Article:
The layout of the Navaranga exterior is step-shaped layout with multiple sections of the wall. As mentioned before, there are three entrances, the main entrance on the east side, south entrance and north entrance. There is no entrance on the west side because of the garbhagriha located on that side. Architecturally, the temple is symmetrical about an east-west axis. In other words, the north-side design is a mirror image of the south side design (and vice-versa). However, no two architectural elements are alike. Between the main entrance and south/north entrance, there are four sections of the walls that are part of the step-shaped design.

Main Entrance

Main entrance of the Chennakeshava Temple in Belur, Karnataka, India
Main entrance of the Chennakeshava Temple in Belur,

The Chennakeshava Temple is built on a star-shaped four feet high platform called Jagati. The floor of the temple is elevated, so the approach to the doorway is through two flights of steps. The first set of steps is from the floor to the platform, and the second is from the platform to the doorway. The flights of steps are flanked by four mini shrines, two on the floor and two on the platform.

Mini shrines

The flights of steps are flanked by four mini shrines, two on the floor and two on the platform. The image shows the mini shrine on the ground on the right side of the flight of steps. The door is flanked by two pillars with the sculptural reliefs of dwarapalakas carved at the bottom. Attached to each pillar is Yali, a mythical creature formed by combining the parts of different animals, and in this case, it is a lion on top of the head of an elephant.

Bhairava inside a mini shrine at the main entrance of the Chennakeshava Temple in Belur, Karnataka, India
Bhairava inside a mini shrine at the main entrance

Standing inside this mini-shrine is a beautiful statue of Bhairava, who in Hindu mythology is a fierce form of Shiva created by himself to destroy both the internal and external enemies. His sculptural depictions indicate the fierceness of his physical presence.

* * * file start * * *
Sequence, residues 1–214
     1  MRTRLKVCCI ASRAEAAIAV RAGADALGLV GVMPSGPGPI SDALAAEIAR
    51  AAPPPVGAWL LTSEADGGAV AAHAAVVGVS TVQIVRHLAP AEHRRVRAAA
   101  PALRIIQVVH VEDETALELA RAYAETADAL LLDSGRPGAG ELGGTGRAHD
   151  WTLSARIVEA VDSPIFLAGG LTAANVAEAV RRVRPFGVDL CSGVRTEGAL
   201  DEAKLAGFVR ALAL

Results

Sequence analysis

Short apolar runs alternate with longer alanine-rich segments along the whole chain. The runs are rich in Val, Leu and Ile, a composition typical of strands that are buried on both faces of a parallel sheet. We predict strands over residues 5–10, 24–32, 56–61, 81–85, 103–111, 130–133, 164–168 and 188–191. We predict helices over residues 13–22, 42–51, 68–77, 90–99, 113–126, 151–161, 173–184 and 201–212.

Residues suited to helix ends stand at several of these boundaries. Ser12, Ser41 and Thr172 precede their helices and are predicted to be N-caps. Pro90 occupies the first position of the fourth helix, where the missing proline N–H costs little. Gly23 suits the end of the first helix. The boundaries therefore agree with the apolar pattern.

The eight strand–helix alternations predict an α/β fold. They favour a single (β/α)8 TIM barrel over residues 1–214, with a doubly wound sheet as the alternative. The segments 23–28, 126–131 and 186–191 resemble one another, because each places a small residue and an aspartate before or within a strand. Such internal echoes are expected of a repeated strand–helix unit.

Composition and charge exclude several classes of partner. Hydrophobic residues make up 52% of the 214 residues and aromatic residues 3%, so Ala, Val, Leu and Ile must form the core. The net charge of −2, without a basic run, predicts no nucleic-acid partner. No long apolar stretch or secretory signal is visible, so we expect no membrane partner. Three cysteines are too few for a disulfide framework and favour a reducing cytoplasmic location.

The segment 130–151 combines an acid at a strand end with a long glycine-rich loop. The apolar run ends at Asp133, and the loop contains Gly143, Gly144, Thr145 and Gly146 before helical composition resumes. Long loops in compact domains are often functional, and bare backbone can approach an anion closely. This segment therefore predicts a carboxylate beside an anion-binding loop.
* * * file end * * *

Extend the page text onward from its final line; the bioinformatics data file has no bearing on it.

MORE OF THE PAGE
As you can see from the image (click to expand it), he is standing on top of a slain demon with a dancing pose. Although he is a digambara (i.e., wearing no clothes), he is wearing a variety of jewelry, including necklaces, anklets, armbands and udiyana (waistband). He is also wearing the yajnopavita, a looped thread sacred to Hindus worn across the chest from the left shoulder to the waist.

With one of his left hands, Bhairava is carrying a severed-head belonging to Brahma. According to a legend, Brahma used to have five heads, four of which facing the cardinal directions and the fifth head gazing upwards. Shiva cut off the fifth head when he realized Brahma became infatuated with a female goddess he created.

Bhairava’s other hands are holding a variety of objects that include a trishula (trident), Shula (a pointed weapon), damaru (drum-like instrument), and pasha (noose).

Hoyasala Lanchana (Emblem)

Hoysala emblem on the left side of the main entrance of the Chennakeshava Temple in Belur, Karnataka, India
Hoysala emblem on the left side of the main entrance
Hoysala emblem on the right-side of the main entrance of the Chennakeshava Temple in Belur, Karnataka, India
Hoysala emblem on the right-side of the main entrance

Between each shrine on the platform and the doorway, there is a sculpture depicting the Hoysala lanchana (emblem), which is based on a story that appears on an inscription attributed to King Vishnuvardhana and is about the founding of this dynasty.